The Malawi-Tanzania border dispute
(eufrika) – For over 50 years there has been a dispute over the border between Malawi and Tanzania. Attempts from both sides in the past resulted in a stand still and were not pursued further.
With the research on oil resources in Lake Malawi by the Malawian government, the dispute heated up again. The Tanzanian government requests a 50 per cent share of oil exploration in the lake.
Three major meetings have taken place since September 2010 without signed agreements so far. The recent meeting held in Mzuzu in Malawi from 20 – 27 August 2012 resulted in the statement that none of the countries are interested in resolving the issue in war.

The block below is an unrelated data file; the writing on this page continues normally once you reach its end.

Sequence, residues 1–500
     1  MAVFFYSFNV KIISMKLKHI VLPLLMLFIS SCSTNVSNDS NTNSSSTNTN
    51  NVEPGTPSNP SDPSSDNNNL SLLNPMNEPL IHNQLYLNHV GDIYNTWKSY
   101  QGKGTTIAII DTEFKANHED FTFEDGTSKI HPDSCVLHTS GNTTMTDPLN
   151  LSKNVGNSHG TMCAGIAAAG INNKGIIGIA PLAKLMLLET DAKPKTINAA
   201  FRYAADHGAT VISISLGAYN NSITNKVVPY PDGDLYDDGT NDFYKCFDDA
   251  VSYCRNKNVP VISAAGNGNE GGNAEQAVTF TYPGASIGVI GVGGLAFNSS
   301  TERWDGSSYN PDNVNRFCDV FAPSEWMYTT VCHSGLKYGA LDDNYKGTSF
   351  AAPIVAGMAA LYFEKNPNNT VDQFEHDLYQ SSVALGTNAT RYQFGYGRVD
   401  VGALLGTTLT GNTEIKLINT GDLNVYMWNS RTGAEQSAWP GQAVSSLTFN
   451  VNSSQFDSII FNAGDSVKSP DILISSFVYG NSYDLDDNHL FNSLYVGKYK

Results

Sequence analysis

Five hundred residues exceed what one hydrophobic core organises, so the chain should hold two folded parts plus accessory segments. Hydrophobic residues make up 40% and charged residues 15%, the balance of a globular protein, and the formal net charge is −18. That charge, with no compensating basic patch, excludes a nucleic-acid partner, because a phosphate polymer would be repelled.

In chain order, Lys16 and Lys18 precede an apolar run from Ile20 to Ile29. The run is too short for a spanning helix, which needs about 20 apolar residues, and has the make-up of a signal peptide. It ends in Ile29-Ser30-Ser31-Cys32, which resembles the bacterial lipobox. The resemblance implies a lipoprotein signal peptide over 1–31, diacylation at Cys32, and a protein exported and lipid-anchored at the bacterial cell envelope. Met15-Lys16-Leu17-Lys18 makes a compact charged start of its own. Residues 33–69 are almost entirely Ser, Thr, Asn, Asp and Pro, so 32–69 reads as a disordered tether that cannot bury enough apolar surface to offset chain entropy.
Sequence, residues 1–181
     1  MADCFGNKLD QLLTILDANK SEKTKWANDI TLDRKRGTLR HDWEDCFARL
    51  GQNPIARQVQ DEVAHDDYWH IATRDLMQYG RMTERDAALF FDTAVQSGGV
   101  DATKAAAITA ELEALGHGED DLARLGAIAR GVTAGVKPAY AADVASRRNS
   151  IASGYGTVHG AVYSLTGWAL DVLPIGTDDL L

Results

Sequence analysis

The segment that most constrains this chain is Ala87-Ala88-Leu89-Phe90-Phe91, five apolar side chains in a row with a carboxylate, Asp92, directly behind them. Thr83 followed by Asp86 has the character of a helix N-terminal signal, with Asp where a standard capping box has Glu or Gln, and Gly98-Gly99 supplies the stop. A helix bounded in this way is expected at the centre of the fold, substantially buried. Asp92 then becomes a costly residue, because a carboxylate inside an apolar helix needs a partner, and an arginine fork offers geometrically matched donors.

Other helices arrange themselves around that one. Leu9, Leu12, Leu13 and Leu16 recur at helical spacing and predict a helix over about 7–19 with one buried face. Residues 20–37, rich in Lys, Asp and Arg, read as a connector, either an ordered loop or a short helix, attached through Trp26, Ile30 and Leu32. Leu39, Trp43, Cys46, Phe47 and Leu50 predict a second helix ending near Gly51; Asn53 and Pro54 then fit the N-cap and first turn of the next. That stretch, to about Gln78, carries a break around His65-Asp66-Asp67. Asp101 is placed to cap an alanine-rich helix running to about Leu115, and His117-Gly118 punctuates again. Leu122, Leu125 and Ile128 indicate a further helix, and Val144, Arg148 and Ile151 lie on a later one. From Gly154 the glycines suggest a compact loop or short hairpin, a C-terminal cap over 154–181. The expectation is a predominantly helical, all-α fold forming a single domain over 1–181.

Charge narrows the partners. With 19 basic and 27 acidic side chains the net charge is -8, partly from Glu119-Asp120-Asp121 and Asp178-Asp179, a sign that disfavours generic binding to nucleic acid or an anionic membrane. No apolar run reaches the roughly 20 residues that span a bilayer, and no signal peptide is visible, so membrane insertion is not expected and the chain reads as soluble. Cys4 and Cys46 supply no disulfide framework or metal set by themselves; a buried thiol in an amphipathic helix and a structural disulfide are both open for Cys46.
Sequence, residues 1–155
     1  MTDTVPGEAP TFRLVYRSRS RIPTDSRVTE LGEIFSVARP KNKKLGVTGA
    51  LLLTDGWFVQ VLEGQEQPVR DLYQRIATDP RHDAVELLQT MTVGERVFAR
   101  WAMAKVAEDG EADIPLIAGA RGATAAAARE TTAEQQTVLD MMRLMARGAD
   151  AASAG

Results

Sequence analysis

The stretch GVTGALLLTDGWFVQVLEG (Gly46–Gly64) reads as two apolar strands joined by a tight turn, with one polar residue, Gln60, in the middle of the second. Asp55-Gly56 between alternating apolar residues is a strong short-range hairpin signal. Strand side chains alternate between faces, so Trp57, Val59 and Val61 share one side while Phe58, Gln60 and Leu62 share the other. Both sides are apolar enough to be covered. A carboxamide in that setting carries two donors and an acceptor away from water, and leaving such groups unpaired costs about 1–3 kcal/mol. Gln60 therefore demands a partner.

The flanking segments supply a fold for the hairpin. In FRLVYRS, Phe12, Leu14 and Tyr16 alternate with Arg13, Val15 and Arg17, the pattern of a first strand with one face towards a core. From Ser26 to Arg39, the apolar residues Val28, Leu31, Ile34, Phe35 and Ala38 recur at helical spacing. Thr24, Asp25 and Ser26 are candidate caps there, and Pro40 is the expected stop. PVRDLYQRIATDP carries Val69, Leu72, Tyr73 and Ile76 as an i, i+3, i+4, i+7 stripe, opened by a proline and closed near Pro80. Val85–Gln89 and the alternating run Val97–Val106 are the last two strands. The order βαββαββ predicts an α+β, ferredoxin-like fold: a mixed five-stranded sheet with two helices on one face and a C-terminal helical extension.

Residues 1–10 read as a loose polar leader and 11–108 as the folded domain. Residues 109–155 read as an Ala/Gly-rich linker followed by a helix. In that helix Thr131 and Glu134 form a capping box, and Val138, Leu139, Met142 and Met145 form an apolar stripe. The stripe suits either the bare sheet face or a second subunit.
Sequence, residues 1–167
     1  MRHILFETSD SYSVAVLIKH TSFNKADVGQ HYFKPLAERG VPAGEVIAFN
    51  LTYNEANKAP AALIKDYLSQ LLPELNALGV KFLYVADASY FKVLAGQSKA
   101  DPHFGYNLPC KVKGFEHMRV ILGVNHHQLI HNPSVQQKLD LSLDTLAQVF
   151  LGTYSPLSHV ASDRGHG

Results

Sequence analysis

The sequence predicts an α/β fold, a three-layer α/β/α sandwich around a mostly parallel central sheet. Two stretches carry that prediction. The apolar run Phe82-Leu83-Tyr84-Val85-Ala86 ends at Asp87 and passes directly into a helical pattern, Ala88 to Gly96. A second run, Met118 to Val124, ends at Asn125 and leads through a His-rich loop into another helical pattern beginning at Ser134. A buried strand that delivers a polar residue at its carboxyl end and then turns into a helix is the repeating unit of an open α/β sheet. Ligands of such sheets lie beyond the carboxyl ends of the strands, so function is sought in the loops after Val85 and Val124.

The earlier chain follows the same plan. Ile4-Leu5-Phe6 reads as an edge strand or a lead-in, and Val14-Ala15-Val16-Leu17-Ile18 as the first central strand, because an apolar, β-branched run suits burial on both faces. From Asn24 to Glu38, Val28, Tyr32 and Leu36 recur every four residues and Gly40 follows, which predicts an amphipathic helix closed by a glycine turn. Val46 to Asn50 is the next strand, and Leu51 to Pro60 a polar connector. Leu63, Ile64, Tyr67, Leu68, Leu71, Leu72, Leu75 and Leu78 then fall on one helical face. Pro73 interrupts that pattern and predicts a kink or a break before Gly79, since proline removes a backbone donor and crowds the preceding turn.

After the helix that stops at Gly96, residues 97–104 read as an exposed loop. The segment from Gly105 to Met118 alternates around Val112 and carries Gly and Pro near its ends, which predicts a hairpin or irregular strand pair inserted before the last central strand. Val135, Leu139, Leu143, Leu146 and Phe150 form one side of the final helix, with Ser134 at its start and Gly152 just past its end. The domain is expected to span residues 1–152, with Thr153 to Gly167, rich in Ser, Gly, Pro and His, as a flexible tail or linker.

The Tanzanian government claims that the border, according to International law, would be a demarcated median (in the middle of the lake). On the other hand, Malawi refers to the 1890 Anglo-German Helgoland Treaty that emphasizes the whole water area of Lake Malawi belongs to Malawi while Songwe river belongs to Tanzania.
As preparation for the next meeting in September this year, the attorney generals of both governments will evaluate the 1890 agreement. Both parties will meet again in Tanzania’s capital Dar es Salaam to find a solution and discuss the possible engagement of the International Court of Justice (ICJ) as mediator.
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